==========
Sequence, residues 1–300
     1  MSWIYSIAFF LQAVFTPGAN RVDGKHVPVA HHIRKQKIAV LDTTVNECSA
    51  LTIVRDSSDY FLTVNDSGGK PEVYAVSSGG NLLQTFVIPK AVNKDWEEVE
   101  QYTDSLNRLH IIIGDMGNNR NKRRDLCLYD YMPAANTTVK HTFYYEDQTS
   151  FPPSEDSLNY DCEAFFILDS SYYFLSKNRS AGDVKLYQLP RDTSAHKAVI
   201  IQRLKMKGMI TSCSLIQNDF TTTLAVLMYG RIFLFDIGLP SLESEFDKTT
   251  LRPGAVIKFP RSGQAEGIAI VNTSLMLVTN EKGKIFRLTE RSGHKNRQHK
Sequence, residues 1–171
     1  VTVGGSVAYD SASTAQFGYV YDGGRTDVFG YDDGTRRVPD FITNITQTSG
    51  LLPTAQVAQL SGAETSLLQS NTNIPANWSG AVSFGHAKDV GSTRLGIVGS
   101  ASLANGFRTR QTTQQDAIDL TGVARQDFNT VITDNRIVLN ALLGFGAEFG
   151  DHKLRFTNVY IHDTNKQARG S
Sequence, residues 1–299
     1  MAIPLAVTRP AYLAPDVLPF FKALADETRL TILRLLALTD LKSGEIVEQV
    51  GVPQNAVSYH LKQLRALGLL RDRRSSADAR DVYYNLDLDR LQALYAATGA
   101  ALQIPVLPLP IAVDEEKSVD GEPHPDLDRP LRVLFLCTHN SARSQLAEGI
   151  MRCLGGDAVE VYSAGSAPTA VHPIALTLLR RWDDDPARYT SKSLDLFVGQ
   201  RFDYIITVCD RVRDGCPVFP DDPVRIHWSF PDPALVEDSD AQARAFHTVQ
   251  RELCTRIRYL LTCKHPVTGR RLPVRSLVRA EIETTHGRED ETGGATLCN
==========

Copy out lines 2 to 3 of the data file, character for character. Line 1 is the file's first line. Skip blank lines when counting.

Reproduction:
     1  MSWIYSIAFF LQAVFTPGAN RVDGKHVPVA HHIRKQKIAV LDTTVNECSA
    51  LTIVRDSSDY FLTVNDSGGK PEVYAVSSGG NLLQTFVIPK AVNKDWEEVE